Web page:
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Mote Marine changing quickly

by Roger Pettingell

Information update on the local facility

Research funding increases and Mote SEA gets closer to a start

Mote Marine Laboratory & Aquarium
Mote Marine Laboratory and Aquarium - The programs started 64 years ago and the facility on City Island is receiving greater recognition at all levels.

Last year I did an update on Mote Marine Laboratory and Aquarium. But events are happening quickly at the research facility on City Island and much of it has to do with the leadership of Michael P. Crosby, Ph.D. The President and CEO of Mote has been out in the community educating the public on the research while lobbying hard at all levels of government to fund programs to help revitalize the oceans and sustain life in the seas through its research.

The Waves of Support effort is a fundraising initiative to solicit the philanthropists of our world with seven different “Waves”, from Friends donating under $1,000 to those who make a significant donation of $75,000 or more and become members of the William R. Mote Guild. William R. Mote and family made large donations to the research facility that was renamed in his honor in 1967. It was founded in 1955 as the Cape Haze Marine Laboratory and a vision of the “Shark Lady”, Dr. Eugenie Clark.

Problems in the seas these past decades is bringing together scientists to research programs, including 30 Ph.D. researchers at Mote studying different programs that require these skills. Florida appropriated $500,000 last year for coral restoration research. The goal was to restore 50,000 corals in the Florida Keys. It was a continuation of state funding for coral restoration. Last November three national organizations partnered to issue $1.5 million to restore 130 acres of coral reefs. The initiative brought attention to the program and multiple grants matched. Coral reefs grow slowly from polyps that attach themselves to subsurface natural structures and provide an environment for other life.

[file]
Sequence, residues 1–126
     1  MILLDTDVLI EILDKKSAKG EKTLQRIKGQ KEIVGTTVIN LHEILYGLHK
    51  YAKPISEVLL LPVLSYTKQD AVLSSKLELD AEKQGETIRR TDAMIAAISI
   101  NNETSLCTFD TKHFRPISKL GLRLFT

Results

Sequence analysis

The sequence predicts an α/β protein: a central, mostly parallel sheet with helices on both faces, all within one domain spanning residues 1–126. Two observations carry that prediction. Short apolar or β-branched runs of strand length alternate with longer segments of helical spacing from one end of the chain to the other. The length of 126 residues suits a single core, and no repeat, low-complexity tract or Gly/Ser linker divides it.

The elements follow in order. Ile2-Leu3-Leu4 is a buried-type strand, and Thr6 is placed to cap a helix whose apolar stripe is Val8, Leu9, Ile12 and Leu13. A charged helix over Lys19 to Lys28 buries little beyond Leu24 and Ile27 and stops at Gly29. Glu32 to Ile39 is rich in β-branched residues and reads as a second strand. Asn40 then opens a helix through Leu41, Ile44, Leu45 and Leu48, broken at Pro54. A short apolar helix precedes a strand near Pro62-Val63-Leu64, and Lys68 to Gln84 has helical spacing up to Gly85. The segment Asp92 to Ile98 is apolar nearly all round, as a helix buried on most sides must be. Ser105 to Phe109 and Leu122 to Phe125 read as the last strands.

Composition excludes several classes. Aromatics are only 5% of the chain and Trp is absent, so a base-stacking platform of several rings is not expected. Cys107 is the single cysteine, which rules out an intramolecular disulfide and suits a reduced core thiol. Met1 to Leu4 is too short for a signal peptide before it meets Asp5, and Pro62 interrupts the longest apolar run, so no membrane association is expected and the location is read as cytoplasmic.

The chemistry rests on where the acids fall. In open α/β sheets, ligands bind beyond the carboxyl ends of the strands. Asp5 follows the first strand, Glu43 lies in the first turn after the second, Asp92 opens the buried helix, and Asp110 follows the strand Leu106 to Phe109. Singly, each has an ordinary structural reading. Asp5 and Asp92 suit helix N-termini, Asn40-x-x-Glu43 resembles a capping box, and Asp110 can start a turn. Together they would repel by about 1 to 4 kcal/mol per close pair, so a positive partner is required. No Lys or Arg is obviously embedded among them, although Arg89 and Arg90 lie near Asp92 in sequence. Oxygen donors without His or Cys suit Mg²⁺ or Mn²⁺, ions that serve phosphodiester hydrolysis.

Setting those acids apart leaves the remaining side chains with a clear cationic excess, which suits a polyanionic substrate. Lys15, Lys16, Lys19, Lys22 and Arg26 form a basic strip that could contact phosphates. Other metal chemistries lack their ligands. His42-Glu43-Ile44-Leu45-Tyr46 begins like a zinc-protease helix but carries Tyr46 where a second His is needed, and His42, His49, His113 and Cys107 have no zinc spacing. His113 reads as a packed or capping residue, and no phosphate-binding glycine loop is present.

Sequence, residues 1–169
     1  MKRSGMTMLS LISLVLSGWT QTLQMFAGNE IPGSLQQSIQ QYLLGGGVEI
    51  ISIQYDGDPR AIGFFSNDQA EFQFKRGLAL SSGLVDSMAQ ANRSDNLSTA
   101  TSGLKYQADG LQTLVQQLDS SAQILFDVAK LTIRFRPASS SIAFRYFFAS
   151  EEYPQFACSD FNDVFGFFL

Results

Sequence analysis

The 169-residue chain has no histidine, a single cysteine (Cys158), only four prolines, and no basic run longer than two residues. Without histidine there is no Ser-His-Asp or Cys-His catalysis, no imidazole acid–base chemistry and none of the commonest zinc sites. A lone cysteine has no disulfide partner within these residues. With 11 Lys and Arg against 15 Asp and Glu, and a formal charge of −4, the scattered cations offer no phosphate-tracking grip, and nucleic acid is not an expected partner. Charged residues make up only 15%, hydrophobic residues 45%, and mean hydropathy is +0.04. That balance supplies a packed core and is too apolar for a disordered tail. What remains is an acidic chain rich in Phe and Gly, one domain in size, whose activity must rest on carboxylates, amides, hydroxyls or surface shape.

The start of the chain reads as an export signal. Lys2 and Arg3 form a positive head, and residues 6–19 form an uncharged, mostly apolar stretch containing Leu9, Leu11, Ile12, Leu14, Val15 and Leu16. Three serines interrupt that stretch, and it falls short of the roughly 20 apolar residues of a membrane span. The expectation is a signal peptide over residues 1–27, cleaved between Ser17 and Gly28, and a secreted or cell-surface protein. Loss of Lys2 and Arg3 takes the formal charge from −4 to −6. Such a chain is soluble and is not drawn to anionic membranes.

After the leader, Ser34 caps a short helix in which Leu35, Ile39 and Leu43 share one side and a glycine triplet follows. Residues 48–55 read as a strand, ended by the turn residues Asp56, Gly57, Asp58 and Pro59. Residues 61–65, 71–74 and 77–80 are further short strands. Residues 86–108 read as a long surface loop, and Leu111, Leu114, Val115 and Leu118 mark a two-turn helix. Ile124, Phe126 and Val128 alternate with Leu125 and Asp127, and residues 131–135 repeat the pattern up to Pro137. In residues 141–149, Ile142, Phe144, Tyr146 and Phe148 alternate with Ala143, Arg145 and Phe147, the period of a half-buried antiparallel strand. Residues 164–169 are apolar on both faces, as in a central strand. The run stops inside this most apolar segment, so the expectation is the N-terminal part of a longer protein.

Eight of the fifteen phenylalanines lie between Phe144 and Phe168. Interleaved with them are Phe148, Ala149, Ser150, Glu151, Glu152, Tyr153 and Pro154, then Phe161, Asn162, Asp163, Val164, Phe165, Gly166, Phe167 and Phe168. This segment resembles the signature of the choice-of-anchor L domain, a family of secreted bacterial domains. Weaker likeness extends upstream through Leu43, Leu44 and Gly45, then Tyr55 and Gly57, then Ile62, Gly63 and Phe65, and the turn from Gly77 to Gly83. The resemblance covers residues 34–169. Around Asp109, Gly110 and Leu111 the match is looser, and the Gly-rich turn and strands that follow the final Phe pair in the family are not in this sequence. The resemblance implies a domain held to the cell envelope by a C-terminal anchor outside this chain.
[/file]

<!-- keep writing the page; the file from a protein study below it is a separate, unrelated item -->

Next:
One of the many exhibits at the aquarium open to the public
Educational Exhibits - High quality displays at Mote Marine provide a vast amount of information.

Harmful algal blooms became a big concern in Florida starting with a major outbreak in 2017. Mote has become one of the nation’s leaders in the research because of the effect it was having on our coastal wildlife. Mote became a partial beneficiary of an $8 million federal appropriation and provided research to congress for the legislation to pass. Last year State Executive Order 18-221 directed $100,000 to Mote for its responses to marine mammal, sea turtle and other fishes affected by the outbreak. While Governor Scott was in office last year he directed $2.2 million to Mote Marine Research. Earlier in 2018 the state divided $1.6 million between and the Florida Fish and Wildlife Conservation Commission’s Florida Wildlife Research Institute.

Mote has 22 different programs of research, each receiving its own funding of grants, appropriations and donations. Some of these research programs may seem obscure but are vitally important to the future of the oceans. Consider Benthic Ecology, or the study of organisms on the bottom of sea, led by senior scientist Jim Culter. The Ocean Technology Research program provides a database of local coastal environments and has deployed an optical instrument to detect algal blooms. The Ecotoxicology headed by Dr. Richard Pierce relies on the data to study harmful toxins. The Environmental Laboratory for Forensics in Dr. Dana Wetzel program has studied the effects of petroleum in the water and has received $16 million over 18 years. Dr. Catherine Walsh of the Marine Immunology program is responsible for the health of marine life.